Limits...
Bifurcations of emergent bursting in a neuronal network.

Wu Y, Lu W, Lin W, Leng G, Feng J - PLoS ONE (2012)

Bottom Line: Here we present a general approach to mathematically tackle a complex neuronal network so that we can fully understand the underlying mechanisms.The approach enables us to uncover how emergent synchronous bursting can arise from a neuronal network which embodies known biological features.Surprisingly, the bursting mechanisms are similar to those found in other systems reported in the literature, and illustrate a generic way to exhibit emergent and multiple time scale oscillations at the membrane potential level and the firing rate level.

View Article: PubMed Central - PubMed

Affiliation: Centre for Computational Systems Biology and School of Mathematical Sciences, Fudan University, Shanghai, China.

ABSTRACT
Complex neuronal networks are an important tool to help explain paradoxical phenomena observed in biological recordings. Here we present a general approach to mathematically tackle a complex neuronal network so that we can fully understand the underlying mechanisms. Using a previously developed network model of the milk-ejection reflex in oxytocin cells, we show how we can reduce a complex model with many variables and complex network topologies to a tractable model with two variables, while retaining all key qualitative features of the original model. The approach enables us to uncover how emergent synchronous bursting can arise from a neuronal network which embodies known biological features. Surprisingly, the bursting mechanisms are similar to those found in other systems reported in the literature, and illustrate a generic way to exhibit emergent and multiple time scale oscillations at the membrane potential level and the firing rate level.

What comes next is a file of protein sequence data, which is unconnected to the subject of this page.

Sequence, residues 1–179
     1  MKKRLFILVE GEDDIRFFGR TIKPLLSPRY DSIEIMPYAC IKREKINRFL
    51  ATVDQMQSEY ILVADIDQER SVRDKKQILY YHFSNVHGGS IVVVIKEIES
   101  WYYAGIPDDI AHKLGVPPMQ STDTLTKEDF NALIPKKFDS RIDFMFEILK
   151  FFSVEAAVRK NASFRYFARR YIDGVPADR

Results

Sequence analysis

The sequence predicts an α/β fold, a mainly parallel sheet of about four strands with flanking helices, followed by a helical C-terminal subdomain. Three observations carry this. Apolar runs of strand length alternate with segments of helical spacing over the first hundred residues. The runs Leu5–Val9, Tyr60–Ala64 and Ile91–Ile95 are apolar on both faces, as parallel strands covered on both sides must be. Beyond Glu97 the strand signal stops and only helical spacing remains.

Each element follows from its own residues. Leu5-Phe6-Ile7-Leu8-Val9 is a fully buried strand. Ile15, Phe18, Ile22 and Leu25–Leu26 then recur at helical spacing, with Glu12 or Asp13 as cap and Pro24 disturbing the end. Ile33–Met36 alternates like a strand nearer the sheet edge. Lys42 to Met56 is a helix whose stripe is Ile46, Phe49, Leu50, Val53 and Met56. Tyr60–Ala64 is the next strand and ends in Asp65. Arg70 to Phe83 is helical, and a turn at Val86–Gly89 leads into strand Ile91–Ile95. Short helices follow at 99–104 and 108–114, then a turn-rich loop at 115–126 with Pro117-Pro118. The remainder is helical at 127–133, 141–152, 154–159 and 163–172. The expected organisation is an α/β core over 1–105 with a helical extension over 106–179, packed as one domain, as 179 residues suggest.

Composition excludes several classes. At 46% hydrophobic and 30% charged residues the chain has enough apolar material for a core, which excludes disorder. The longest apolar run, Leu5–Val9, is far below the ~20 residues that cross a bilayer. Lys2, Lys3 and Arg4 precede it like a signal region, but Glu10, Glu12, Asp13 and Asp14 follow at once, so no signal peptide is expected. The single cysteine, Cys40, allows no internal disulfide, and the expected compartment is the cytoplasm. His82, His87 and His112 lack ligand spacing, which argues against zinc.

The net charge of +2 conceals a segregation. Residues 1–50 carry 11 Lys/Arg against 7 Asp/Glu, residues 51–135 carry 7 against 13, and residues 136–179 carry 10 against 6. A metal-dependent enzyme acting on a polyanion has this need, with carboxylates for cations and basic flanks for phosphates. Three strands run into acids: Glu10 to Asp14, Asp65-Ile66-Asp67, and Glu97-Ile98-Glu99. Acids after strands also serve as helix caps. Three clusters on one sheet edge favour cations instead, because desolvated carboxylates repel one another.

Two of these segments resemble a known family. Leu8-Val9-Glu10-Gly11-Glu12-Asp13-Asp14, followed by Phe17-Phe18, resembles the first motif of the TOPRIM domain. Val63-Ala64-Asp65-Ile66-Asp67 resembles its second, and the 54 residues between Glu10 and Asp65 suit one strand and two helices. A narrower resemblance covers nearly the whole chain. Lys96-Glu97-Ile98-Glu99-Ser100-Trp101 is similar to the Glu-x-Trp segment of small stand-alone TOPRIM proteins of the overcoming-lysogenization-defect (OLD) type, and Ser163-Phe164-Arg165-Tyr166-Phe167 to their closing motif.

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(A) Establishment of a coordinate system on the half line  with the origin . Here,  is the equilibrium point and  is transversal to the vector field in the neighborhood of . Note that both  and  depend continuously on ; (B) Curves of the Poincaré map . Each intersection between the curves and the black line  corresponds to a fixed point of  as well as to a limit cycle of the system (8). For Hz, the curve has no intersection with the black line, so that there is no limit cycle. At higher values of , the curve moves upward; it first intersects with the black line at , where a single semi-stable limit cycle emerges. As  increases to Hz, two bifurcated limit cycles appears. Here, one cycle is stable characterized by the quantity  at one fixed point, and the other cycle is unstable with the quantity  at the other fixed point.
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pone-0038402-g006: (A) Establishment of a coordinate system on the half line with the origin . Here, is the equilibrium point and is transversal to the vector field in the neighborhood of . Note that both and depend continuously on ; (B) Curves of the Poincaré map . Each intersection between the curves and the black line corresponds to a fixed point of as well as to a limit cycle of the system (8). For Hz, the curve has no intersection with the black line, so that there is no limit cycle. At higher values of , the curve moves upward; it first intersects with the black line at , where a single semi-stable limit cycle emerges. As increases to Hz, two bifurcated limit cycles appears. Here, one cycle is stable characterized by the quantity at one fixed point, and the other cycle is unstable with the quantity at the other fixed point.